Discussion:
Probability Of A Chain Reaction.
(too old to reply)
Patrick D. Rockwell
2010-09-17 00:42:15 UTC
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I've long been interested in probability. Some time ago, I read a
formula for the probability
of a chain reaction is given by

1.5-0.5*((12/k)-3)^0.5.

I got this at the following site, not to mention others.

http://www.newworldencyclopedia.org/entry/Nuclear_reaction


I'd like to know just how this formula is derived. From what I've
read, k
is the average number of neutrons which exit a fission, and in the
above
formula the allowable valuse for k are 1, 2, or 3. Couldn't k have
values outside
that range? Is there a way to make this formula more general? If not,
why? I should
think that it would be possible to make up a hypothetical problem in
probability where
the number of neutrons which exit the fission of the atom in question
is higher than
3.

Any info or insight on this is appreciated. :-)
Tom Roberts
2010-09-18 01:50:14 UTC
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Post by Patrick D. Rockwell
I've long been interested in probability. Some time ago, I read a
formula for the probability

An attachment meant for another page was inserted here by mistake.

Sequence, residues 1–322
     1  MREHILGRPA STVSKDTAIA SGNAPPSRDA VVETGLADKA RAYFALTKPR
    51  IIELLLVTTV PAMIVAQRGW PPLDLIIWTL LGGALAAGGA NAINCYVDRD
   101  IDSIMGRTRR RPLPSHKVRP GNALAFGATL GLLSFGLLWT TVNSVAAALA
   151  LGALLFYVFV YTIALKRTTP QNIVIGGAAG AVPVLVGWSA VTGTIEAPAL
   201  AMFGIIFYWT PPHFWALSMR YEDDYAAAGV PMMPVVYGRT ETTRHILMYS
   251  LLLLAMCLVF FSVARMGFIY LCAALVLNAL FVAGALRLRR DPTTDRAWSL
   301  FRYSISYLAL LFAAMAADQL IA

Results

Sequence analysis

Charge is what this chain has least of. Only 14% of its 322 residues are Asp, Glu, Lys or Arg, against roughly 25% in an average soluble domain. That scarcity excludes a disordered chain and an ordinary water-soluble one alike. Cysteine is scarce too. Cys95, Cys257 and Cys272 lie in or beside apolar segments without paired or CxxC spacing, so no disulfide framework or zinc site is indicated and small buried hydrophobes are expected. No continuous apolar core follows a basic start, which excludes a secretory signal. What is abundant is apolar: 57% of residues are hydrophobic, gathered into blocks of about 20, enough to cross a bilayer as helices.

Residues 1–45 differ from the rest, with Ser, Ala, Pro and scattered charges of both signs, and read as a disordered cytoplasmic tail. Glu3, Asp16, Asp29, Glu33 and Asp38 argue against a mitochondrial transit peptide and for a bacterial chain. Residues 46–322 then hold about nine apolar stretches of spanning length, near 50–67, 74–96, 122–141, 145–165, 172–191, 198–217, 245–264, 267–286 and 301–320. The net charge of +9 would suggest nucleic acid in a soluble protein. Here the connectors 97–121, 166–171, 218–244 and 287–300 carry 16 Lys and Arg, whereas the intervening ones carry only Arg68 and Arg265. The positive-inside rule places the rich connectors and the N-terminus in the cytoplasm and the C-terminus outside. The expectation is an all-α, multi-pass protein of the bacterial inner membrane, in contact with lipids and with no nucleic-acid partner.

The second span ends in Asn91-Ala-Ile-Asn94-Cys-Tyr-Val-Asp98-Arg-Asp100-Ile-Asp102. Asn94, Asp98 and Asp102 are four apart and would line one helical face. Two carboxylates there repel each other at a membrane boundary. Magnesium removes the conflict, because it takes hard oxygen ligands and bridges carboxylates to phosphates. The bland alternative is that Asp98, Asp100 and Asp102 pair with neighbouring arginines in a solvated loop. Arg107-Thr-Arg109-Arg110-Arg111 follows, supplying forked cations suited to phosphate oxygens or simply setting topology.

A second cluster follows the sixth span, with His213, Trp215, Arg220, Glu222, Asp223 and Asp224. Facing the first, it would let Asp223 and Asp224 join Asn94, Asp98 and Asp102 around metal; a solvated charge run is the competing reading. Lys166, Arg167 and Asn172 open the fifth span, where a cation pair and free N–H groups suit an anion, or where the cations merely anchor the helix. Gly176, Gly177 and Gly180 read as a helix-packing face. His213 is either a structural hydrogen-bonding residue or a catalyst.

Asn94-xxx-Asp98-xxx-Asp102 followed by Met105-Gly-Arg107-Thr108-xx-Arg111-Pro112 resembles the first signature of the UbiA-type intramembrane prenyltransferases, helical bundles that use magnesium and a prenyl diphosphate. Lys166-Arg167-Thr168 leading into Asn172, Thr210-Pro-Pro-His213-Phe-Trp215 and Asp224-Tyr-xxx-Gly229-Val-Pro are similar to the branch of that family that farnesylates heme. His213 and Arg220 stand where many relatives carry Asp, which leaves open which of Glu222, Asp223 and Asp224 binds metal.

of a chain reaction is given by
1.5-0.5*((12/k)-3)^0.5.
I got this at the following site, not to mention others.
http://www.newworldencyclopedia.org/entry/Nuclear_reaction
Their discussion is oversimplified, and in particular the discussion in which
this formula appears seems to me to be wrong.

K is NOT the number of neutrons exiting a fission, it is the AVERAGE number of
neutrons available to the system for a single initial neutron. It is a
complicated function of the composition and geometry of the system. Nuclear
reactors operate at K=1 to within about 1 part per million, which is why they
are called "critical". Nuclear weapons operate with K values well above 1.

There are a number of miracles that together make nuclear reactors possible.
Principal among them is that about 1% of the neutron flux is delayed by an
appreciable fraction of a second -- this makes it possible to control the
reactor with mechanical control rods (the prompt flux, which is ~99% of the
total, is emitted within a femtosecond or so after a fission, so there is no
hope of controlling it mechanically). The other important miracle is that when
the core of a reactor gets hotter, it expands and reduces the value of K. The
combination of these makes it possible for the operators to set the operating
point of the reactor with mechanical control rods (made of material that absorbs
neutrons, so larger insertion reduces K), and the thermal feedback within the
core makes the power output from the nuclear reaction exactly match the amount
of cooling supplied.

This discussion is still simplified, as it omits several important effects. I am
not expert on nuclear physics or reactor engineering.


Tom Roberts

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